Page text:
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Syrian protesters storm border crossing with Turkey

Hundreds demonstrate to denounce Syrian government's offensive in Idlib, which has escalated in recent weeks
Turkish border guards fire tear gas canisters to disperse a crowd of Syrians gathering for a demonstration by the Bab al-Hawa border crossing between Turkey and Idlib province, Syria on 30 August (AFP)

Hundreds of Syrians have gathered near the Bab al-Hawa and Atma border crossings with Turkey to protest the relentless bombing of Syria's Idlib governorate, as Russia announced that Syrian government forces would unilaterally uphold a ceasefire.

Protesters in Bab al-Hawa broke through the border crossing into the Turkish side on Friday, while videos shared on social media showed demonstrators in Atma breaking a gate at the crossing.

Pro-government forces, backed by the Russian air force, are waging an offensive in northwest Syria against militants and allied rebels in the last opposition-held enclave in the country.

At least 400,000 people have been displaced since the offensive was launched in April - with many of them seeking shelter along the Turkish border and almost half of them living in open areas or under trees, according to the United Nations.

Local sources told Middle East Eye that the protesters gathered on Friday to put pressure on Turkey to stop the offensive and open a humanitarian corridor for displaced civilians.

Protests were held in different areas in Idlib, with demonstrators holding banners calling for the return of UN-led negotiations in Geneva and for the end of the Astana peace process launched in January 2017 by Russia and Iran.

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"This Friday's protests were under the name of 'Astana is not and will not be the answer'," activist Suhaib Mekhel told Middle East Eye from Idlib city.

Videos circulating on social media showed demonstrators on the Syrian side of the border breaking the gate at the Atma crossing. In other videos, demonstrators can be heard chanting, "The people wants to overthrow the regime" - a rallying cry synonymous with the Arab Spring revolts.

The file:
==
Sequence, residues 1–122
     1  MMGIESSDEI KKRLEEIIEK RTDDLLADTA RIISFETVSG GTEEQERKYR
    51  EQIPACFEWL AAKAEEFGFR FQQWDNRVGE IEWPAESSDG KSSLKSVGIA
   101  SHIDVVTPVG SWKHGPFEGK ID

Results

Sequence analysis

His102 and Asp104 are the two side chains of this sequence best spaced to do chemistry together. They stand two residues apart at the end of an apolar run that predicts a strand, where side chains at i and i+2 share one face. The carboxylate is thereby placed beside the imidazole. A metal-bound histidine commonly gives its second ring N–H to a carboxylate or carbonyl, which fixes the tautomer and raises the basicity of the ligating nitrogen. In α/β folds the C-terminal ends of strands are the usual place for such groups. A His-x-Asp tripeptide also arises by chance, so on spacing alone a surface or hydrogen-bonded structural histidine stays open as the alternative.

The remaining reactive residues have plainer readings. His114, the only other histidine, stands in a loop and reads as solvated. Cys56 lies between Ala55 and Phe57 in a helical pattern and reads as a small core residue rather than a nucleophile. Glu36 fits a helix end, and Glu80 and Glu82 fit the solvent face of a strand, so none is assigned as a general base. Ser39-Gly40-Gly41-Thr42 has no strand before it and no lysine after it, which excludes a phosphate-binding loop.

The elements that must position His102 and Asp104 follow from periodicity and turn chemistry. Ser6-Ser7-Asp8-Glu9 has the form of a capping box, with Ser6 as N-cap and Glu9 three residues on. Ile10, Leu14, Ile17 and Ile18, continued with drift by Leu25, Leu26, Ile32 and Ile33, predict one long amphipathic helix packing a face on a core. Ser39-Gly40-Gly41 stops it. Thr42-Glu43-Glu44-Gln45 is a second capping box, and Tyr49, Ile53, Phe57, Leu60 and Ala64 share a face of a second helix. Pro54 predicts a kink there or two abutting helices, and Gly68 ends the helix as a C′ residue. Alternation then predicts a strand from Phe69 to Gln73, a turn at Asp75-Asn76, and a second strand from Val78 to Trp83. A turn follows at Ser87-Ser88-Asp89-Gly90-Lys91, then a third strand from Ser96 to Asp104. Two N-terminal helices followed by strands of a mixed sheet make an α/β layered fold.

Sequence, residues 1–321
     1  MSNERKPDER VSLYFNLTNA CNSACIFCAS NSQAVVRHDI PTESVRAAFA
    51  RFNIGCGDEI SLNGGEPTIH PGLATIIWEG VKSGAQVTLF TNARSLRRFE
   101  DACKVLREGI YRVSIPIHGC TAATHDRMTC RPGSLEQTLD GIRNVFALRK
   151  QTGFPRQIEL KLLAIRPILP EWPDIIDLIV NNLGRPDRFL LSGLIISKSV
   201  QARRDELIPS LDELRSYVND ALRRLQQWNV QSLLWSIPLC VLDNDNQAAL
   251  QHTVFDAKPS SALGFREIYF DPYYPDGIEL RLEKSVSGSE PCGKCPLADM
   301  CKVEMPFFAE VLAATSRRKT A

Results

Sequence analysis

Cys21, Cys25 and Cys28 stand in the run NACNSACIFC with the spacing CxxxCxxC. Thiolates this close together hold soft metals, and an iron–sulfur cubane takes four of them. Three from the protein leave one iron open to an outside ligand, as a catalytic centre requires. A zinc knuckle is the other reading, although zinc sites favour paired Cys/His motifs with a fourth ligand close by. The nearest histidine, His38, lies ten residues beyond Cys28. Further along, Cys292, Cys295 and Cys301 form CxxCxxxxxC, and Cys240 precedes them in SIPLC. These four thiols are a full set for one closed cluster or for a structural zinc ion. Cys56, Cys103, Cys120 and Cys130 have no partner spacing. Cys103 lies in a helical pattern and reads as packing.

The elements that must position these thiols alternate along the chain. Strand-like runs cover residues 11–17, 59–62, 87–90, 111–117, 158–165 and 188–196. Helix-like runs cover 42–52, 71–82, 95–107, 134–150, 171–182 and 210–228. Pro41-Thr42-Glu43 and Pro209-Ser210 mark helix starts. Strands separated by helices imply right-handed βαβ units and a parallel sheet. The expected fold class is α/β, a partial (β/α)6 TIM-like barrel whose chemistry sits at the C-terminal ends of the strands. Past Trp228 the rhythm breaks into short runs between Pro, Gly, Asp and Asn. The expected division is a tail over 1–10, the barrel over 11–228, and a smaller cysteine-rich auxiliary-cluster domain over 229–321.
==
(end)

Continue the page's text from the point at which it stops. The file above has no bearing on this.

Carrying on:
Turkish border guards fired warning shots and tear gas to disperse the demonstrators in Bab al-Hawa after they broke through the border crossing, said Omar al-Shami, a displaced activist from the Damascus countryside who was at the protest.

"The protesters clashed with the Turkish guards. I and many others suffered from tear gas suffocation," Shami told Middle East Eye.

Qusay al-Hussein, an activist displaced from southern Idlib, said the protests near the border were originally planned to be held on Bab al-Hawa's main square, but the situation escalated throughout the day.

Another activist, Hafez Terman, said hundreds of protesters crossed the Bab al-Hawa crossing and gathered around the Turkish crossing.

"People are calling for an end to the regime and Russian attacks. The protest is also to blame the international community for the bloodshed caused by the escalation in Idlib," Terman told MEE.

The Bab al-Hawa crossing is a lifeline for people in Idlib province, with vital products, such as medicine, food, and fuel, passing through.

Ceasefire announcement

Meanwhile, the Russian Reconciliation Centre for Syria said in a statement seen by AFP news agency that an agreement was reached to halt fire in the de-escalation zone in Idlib starting at 6am (03.00 GMT) on 31 August.

The centre also urged armed militant and rebel groups in the region to join the ceasefire, AFP reported.

'People are calling for an end to the regime and Russian attacks. The protest is also to blame the international community for the bloodshed caused by the escalation in Idlib'

- Hafez Terman, Syrian activist

Syria and Russia have escalated their assault on Idlib province over the past two days, as government forces advanced in the rebel-held enclave and captured the towns of Tamaneh, Khwain, Tal Ghubar, Zarzoor, and Tamanah Farms.

Government forces have been reinforced by Syria's elite Republican Guards unit, led by President Bashar al-Assad's brother Maher al-Assad, and Iranian-backed fighters, sources told Reuters.

"The fighting is very aggressive and is still ongoing. Government forces and their allies have adopted the scorched-earth policy … and captured several areas," said Naji Mustafa, spokesman of the Turkey-backed National Liberation Front (NLF), a coalition of mainstream rebel groups.

Mohammed Rashid, media spokesman for NLF faction Jaish al-Nasr, told MEE that Russian special forces have taken part in military attacks alongside government forces.

"We have no knowledge of the regime and its allies announcing a ceasefire," he said.